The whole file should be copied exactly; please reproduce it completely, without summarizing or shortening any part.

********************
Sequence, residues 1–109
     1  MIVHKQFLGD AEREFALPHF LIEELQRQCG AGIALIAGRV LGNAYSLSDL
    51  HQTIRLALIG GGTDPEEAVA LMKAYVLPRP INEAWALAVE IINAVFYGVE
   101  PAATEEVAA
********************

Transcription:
Sequence, residues 1–109
     1  MIVHKQFLGD AEREFALPHF LIEELQRQCG AGIALIAGRV LGNAYSLSDL
    51  HQTIRLALIG GGTDPEEAVA LMKAYVLPRP INEAWALAVE IINAVFYGVE
   101  PAATEEVAA